Ann Licater is a flutist who is originally from Minnesota and now resides in California. As a young girl, Ann's teachers noticed that she had a gift with the flute by the beautiful tone she was producing. She studied the instrument through grade school and wound up receiving a well balanced education by earning a B.A. Degree at the University of St. Thomas. Through this time, Ann was playing the flute at various events and with community orchestras. While working on her Masters at Naropa University, she discovered the Native American flute at a local pow wow. Once again she was able to produce a wonderful tone on the wooden flute. After receiving numerous requests for her music at performances, Ann went into the studio to make a CD to showcase her talent as a composer and flutist. Ann is now an award winning artist, composer, and producer, who has performed at Carnegie Hall and other fine venues. She now holds workshops and master classes in silver and Native American flute. Ann has just released a brand new CD titled "Beyond the Waves". I recently talked with Ann about her new release and her blossoming career.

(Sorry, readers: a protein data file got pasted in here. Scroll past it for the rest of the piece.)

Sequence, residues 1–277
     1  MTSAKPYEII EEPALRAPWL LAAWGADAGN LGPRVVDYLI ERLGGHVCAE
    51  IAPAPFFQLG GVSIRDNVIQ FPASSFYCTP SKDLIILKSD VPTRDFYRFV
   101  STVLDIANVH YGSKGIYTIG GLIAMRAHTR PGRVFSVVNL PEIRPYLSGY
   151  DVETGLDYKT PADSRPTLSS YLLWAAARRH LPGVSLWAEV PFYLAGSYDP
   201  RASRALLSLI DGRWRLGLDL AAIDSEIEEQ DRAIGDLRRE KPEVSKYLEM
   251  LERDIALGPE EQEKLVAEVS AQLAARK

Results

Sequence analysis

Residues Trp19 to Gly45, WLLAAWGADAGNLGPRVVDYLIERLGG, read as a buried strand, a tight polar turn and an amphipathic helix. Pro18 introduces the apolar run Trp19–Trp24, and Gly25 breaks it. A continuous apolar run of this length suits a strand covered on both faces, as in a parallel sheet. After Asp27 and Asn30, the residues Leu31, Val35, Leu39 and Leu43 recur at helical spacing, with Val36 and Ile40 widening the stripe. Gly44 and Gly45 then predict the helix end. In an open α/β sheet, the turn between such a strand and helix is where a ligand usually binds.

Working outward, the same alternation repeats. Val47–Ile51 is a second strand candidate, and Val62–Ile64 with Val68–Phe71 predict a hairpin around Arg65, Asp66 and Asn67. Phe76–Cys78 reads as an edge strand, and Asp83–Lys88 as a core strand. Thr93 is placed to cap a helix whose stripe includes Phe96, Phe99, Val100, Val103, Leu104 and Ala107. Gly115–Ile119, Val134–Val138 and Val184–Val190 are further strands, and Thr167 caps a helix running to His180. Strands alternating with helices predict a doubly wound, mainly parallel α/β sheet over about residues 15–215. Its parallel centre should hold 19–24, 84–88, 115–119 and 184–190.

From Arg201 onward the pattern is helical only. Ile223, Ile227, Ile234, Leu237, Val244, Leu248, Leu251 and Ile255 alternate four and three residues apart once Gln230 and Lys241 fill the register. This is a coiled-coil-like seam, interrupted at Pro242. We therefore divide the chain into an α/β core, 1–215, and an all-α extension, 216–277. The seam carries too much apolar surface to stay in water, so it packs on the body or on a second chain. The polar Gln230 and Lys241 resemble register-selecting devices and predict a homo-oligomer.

R.V.B. - Hello Ann. How are you?
A.L. - Good. How are you doing?
R.V.B. - I'm good. What's going on over there on the west side?
A.L. - It's a beautiful day. How about you?
R.V.B. - We had a beautiful morning but it's deteriorating. From what I understand, we're going to get some rain as a cold front is coming through.
A.L. - I like all weather actually. I don't look at the weather reports. I just look outside and say "Oh...it's raining!"
R.V.B. - I admire your attitude and I admire your song titles. Everything is always so positive and beautiful sounding.
A.L. - Thank you. I think that's really how I am.
R.V.B. - Did you start the flute at a young age?
A.L - I did. I started the silver flute at 9 years-old. It was a natural instrument for me. I was always noted for my sound. I was playing a silver - open holed - Artley - student model - flute. Everyone had the same type of flute but for some reason I was always recognized for my tone.
R.V.B. - Where did you grow up?
A.L. - Minneapolis Minnesota.
R.V.B. - What was it like there for you as a young girl?
A.L. - I loved it. I felt at the time there were so many opportunities for music and arts in the schools. I went to both public and private schools and I always had a great education in regard to music. I studied at the MacPhail Center for Music and played in their youth orchestra that merged into the Greater Twin Cities Youth Symphonies. I had a lot of great exposure to classical music and playing in acoustically beautiful venues.
R.V.B. - Did you ever toy with any other instruments?
A.L. - We had a guitar in the house and I learned a few chords. I know a little bit on the piano but that's it. I've always liked the flute.